As we sit down to our Seders – with family, with friends, or in community – we in the so-called ‘First World’, in 2014, intuit that as Jews we are living, historically speaking, lives of immense privilege. While we speak of oppression in Egypt and celebrate the journey our people made from slavery to freedom, we acknowledge the freedoms we now enjoy, unprecedented in Jewish history: freedom to assemble as we want, free to celebrate without persecution, free to speak our minds without fear of a knock on the door, free to express our Jewish selves in whatever style we may choose. The NSA may be monitoring every move we make – but would we want to alive in any other era of our millennia-old history?

Yet the challenge of Seder night is not just to remember the past, not just to recall the extraordinary longevity of our story with its roots in servitude and its mythos of the Jews as a people liberated into a different kind of servitude – servitude to a vision of how things could be, how freedoms of many kinds could be the inheritance of all peoples;  as UK Rabbi John Rayner z”l expressed it: ‘freedom from oppression, freedom from want, freedom from hunger, freedom from hatred, freedom from fear; freedom to think, freedom to speak, freedom to learn, freedom to love, freedom to hope, freedom to rejoice – soon, in our days’. The Seder night is, of course, all of that. But it is more than that.

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An Invite to Join NSP’s Book Group: Doing Justice in an Unjust World

Mar12

by: Amy Broyles on March 12th, 2014 | Comments Off

You are invited to join a brand new NSP Book group. We’ll be reading the same book and then communicating through email with each other about our reactions. At some point we might want to make it live on a conference call or on a Skype or G chat. And we are starting with a fabulous book,Resisting Structural Evil: Love as Ecological and Economic Vocationby Cynthia Moe Lobeda (a professor at Seattle University ). What is so powerful about this book is that it is grounded in spiritual and religious principles yet is an amazingly powerful critique of capitalism. Let me explain.

The everyday workings of global capitalism are endangering the survival of the planet and perpetrating structural economic violence on many people in the developing world.

How can flawed people like ourselves who are hopelessly entangled in practices and institutions that perpetuate injustice and violence against the earth (and ultimately our own children and grandchildren) possibly live an ethically responsible, justice-promoting life?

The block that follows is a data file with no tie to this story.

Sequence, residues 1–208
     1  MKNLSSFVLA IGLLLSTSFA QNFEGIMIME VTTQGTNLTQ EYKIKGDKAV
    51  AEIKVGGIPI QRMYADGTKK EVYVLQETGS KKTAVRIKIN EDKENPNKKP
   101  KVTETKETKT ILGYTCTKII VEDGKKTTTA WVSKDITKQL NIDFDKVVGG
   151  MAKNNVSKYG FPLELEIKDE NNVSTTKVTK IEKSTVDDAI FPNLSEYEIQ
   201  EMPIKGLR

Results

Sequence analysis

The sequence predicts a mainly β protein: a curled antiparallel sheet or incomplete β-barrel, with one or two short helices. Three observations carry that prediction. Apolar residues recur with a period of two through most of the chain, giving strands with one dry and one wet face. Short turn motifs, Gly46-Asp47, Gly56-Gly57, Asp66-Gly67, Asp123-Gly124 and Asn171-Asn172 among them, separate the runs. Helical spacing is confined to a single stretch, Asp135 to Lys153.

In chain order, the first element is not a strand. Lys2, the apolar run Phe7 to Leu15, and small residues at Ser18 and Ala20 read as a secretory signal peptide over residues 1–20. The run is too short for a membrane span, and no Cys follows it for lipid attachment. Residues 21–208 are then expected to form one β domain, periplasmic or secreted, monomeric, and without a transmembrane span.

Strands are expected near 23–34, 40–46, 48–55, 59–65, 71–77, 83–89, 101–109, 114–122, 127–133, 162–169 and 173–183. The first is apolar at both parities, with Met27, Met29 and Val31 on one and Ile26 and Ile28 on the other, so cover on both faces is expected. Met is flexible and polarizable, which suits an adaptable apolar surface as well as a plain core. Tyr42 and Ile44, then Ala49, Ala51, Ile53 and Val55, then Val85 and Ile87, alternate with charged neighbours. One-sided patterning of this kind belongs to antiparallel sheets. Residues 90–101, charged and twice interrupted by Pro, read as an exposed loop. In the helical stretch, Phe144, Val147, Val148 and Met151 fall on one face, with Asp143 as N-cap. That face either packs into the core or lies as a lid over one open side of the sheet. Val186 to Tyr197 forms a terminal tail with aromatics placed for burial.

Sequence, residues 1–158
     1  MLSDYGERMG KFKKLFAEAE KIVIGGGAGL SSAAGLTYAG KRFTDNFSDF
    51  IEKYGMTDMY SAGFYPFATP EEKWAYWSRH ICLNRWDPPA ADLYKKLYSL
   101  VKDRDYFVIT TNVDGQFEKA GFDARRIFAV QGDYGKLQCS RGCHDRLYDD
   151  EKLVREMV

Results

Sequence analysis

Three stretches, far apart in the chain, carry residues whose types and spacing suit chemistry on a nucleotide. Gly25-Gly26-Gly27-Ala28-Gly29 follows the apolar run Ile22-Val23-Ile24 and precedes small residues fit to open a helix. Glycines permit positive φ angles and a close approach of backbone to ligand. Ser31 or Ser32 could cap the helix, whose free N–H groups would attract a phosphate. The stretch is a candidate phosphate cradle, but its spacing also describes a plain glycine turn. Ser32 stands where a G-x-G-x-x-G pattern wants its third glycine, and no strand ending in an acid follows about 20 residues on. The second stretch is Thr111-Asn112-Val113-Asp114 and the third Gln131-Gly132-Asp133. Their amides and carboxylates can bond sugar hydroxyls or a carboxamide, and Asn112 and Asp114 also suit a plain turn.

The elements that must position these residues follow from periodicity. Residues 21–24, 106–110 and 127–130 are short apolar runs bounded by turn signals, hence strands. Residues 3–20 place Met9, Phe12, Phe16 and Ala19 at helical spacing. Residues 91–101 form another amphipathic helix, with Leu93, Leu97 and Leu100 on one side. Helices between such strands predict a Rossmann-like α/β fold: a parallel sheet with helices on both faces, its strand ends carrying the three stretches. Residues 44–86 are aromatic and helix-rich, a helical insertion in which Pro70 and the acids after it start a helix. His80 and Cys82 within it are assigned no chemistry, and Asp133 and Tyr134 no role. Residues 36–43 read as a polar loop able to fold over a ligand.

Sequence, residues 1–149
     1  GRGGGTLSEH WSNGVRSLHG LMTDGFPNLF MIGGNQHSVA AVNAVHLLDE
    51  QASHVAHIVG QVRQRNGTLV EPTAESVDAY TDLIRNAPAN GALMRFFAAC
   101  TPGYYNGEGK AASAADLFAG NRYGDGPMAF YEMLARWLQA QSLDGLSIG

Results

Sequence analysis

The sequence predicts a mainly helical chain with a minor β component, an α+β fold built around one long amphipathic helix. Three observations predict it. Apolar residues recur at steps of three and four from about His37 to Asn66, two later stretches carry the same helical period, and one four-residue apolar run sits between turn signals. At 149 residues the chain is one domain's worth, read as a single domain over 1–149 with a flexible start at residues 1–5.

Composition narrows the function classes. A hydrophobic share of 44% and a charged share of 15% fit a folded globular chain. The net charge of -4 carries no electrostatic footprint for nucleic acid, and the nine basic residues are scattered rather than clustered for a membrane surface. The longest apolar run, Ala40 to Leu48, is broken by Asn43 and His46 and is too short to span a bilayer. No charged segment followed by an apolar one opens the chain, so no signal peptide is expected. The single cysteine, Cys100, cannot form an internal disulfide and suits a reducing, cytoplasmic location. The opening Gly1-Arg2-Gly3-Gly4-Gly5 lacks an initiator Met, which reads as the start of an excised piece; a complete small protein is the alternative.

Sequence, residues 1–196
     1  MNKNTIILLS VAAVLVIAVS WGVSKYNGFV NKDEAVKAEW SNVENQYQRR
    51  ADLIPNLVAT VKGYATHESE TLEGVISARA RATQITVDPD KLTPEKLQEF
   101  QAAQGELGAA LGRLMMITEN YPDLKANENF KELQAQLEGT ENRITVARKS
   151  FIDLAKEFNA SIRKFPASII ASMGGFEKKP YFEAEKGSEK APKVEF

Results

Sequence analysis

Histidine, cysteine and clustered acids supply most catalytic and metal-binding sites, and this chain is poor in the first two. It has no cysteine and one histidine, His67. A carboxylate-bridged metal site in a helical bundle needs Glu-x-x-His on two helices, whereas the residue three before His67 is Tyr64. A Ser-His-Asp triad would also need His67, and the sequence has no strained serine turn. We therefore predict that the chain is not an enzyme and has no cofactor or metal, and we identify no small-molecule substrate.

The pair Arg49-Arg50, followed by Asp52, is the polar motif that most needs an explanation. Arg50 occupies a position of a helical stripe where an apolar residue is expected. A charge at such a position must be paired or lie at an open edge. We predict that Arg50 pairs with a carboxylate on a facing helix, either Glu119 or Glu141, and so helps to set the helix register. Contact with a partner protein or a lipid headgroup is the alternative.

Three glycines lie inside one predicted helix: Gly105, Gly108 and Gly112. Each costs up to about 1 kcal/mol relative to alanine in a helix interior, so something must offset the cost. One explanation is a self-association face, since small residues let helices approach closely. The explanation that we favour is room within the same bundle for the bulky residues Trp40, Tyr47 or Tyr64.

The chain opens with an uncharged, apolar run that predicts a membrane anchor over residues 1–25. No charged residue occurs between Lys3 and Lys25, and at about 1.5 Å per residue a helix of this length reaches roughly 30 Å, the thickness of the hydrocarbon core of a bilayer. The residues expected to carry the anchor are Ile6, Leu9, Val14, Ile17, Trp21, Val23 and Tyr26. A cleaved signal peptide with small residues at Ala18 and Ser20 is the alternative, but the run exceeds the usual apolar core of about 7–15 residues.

(excerpted from Thad Williamson’s review of Cynthia Moe Lobeda’s book–read the review to get a taste of what the book is about and why it’s worth reading:
http://www.tikkun.org/nextgen/doing-justice-in-an-unjust-world)

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Teaching English, Physics and Love

Mar1

by: on March 1st, 2014 | Comments Off

Here are two beautiful, moving and challenging movies about teachers who understand that kids can’t learn in school if everything’s going wrong at home and in the neighborhood. The first is about Jeff Duncan-Andrade’s work in Oakland, CA. All the videos on his site are worth checking out, but here’s one to get you intrigued:

This second one, Wright’s Law, seems very different, as it starts with some fun pyrotechnics, but its theme turns out to be the same: engage with the students’ own lives, and they will engage with what you are trying to teach. Its tagline is “A Physics teacher so extraordinary he can explain combustion and love.” The last part profiles Wright’s relationship with his very disabled son, and is a beautiful example of love in action.

And finally, don’t miss Yes! magazine’s current education issue, but especially Fania Davis’s profile of Restorative Justice for Oakland Youth, which combines the kinds of insights that teachers like Duncan-Andrade and Wright practice with a complete remake of schools’ approaches to discipline, suspensions, so we break the school-to-prison pipeline.

These approaches in schools are the things that give me more hope than anything for our collective future.